Authorities in the US city Baltimore have finally succeeded in re-floating the M/S Dali, the Singapore-owned container ship that fatally crashed into the Francis Scott Key Bridge on 26 March.

The Key Bridge Response 2024 team, made of US Coast Guard, Maryland Transportation Authority and others, said on 18 May it would begin the recovery of the ship on 20 May at high tide. This was estimated to be 5:24 am ET.

Live video from the scene showed multiple tugs around the vessels from the early hours. While there was little movement for several hours, the stricken ship began to move at approximately 7 am ET.

The complex task of freeing the 116,851DWT vessel has not been straightforward, with untangling the collapsed steel frame of the bridge taking weeks. The final removal began at least 18 hours before the ship was able to move, with removal of lines, re-ballasting, and close inspection all taking place before tugs could manoeuvre Dali to one of Baltimore’s marine terminals.

Ship Technology is not responsible for third-party content.

At 7:10 am the Dali had been pulled away from the crash site, where it has remained stationary with its crew onboard since the incident.

The five tugs responsible for relocating the vessel will take approximately three hours to move the Dali to its berth. This process was underway at the time of publication.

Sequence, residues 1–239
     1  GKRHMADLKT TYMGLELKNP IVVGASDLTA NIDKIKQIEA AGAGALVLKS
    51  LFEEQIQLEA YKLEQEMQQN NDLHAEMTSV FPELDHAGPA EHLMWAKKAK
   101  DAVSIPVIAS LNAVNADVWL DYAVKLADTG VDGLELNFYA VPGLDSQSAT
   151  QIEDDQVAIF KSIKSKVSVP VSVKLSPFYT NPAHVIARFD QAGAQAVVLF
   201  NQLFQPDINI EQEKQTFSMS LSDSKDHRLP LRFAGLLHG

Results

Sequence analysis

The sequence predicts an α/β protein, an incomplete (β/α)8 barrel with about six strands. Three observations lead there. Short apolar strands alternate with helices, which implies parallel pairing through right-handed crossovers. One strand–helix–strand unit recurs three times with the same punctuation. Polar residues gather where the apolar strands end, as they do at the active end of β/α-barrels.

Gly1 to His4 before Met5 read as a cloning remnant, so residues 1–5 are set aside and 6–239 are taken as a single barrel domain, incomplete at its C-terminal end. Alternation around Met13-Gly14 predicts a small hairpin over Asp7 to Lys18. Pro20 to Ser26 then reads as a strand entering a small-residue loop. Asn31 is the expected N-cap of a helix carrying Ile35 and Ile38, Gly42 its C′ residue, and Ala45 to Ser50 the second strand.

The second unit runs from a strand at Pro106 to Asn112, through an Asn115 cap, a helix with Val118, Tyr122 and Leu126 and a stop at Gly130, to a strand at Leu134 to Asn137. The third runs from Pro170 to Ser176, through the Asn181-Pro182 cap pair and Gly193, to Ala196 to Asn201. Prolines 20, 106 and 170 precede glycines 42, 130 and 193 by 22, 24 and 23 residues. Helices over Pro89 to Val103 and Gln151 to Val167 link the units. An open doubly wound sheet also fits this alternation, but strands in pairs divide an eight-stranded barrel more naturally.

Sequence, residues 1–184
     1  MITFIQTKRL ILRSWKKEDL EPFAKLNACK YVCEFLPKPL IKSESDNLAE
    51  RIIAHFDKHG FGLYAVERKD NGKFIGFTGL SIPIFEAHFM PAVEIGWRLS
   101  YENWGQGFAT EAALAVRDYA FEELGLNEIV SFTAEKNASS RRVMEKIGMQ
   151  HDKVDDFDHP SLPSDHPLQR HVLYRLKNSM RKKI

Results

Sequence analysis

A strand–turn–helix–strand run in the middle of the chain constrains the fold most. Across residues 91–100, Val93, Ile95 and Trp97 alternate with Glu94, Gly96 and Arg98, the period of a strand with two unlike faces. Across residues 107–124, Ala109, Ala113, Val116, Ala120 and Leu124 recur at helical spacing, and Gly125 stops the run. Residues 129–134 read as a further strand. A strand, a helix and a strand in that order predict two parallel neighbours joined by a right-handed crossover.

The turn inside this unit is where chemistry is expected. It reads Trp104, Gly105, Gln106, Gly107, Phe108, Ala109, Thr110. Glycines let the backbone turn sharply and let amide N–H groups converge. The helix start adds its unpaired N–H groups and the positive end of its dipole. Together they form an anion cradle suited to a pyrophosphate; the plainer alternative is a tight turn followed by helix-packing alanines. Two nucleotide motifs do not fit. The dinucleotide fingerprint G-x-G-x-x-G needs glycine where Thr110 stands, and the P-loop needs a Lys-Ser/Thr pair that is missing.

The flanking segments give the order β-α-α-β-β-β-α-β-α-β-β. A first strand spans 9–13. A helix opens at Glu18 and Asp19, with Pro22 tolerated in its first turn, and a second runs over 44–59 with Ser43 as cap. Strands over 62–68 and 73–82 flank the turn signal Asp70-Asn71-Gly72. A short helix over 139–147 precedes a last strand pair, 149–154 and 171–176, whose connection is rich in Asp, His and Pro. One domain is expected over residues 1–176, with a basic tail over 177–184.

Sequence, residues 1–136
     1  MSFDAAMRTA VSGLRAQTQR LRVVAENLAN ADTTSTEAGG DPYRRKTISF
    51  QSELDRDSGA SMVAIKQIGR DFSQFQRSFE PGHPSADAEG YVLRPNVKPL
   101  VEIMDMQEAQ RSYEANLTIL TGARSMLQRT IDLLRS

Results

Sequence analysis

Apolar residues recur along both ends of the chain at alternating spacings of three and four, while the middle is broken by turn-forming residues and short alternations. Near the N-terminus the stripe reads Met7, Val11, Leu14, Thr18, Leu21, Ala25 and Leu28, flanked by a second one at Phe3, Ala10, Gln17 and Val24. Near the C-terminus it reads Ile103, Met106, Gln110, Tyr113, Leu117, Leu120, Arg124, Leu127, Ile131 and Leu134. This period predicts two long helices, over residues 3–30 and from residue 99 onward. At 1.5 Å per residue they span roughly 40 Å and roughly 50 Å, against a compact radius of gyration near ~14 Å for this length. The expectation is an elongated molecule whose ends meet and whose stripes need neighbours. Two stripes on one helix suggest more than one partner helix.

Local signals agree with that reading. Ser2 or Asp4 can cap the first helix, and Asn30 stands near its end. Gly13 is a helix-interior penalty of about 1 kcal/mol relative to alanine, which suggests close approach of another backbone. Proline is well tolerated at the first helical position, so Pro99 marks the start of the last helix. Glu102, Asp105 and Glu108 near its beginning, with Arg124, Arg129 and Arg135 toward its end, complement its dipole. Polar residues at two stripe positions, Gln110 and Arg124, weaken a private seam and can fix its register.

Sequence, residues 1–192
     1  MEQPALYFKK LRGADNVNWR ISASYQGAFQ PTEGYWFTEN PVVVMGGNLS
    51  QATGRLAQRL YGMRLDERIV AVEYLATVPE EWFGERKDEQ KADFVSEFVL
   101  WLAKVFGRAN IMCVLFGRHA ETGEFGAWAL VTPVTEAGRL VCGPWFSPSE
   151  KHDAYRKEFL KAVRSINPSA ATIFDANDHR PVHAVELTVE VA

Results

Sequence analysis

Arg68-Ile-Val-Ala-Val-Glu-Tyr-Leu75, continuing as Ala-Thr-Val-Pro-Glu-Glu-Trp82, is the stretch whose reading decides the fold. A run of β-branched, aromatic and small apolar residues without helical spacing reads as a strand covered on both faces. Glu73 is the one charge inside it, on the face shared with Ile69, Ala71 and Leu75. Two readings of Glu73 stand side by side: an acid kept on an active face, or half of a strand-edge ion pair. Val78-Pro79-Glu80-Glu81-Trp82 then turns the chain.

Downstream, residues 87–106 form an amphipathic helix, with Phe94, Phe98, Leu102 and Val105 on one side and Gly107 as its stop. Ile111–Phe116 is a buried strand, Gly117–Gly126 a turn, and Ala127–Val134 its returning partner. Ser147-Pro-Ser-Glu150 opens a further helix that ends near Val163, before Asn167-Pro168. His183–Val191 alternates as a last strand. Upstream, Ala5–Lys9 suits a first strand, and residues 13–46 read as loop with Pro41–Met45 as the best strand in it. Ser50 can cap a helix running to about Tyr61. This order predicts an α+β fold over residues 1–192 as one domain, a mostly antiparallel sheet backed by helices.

How well do you really know your competitors?

Access the most comprehensive Company Profiles on the market, powered by GlobalData. Save hours of research. Gain competitive edge.

Company Profile – free sample

Thank you!

Your download email will arrive shortly

Not ready to buy yet? Download a free sample

We are confident about the unique quality of our Company Profiles. However, we want you to make the most beneficial decision for your business, so we offer a free sample that you can download by submitting the below form

By GlobalData
Visit our Privacy Policy for more information about our services, how we may use, process and share your personal data, including information of your rights in respect of your personal data and how you can unsubscribe from future marketing communications. Our services are intended for corporate subscribers and you warrant that the email address submitted is your corporate email address.
Credit: US Army Corps of Engineers

The plan had been pushed back from the original date of 10 May, but temporary channels were dredged to give some access to the Port for commercial and feeder vessels in the intervening months between the incident and the vessel move.

The legal battles are set to continue between the owners and operators of the Dali and the City of Baltimore. The containerised goods that remain onboard will also be subject to dispute, along with the responsibility for financing the rebuilding of the vital highway crossing.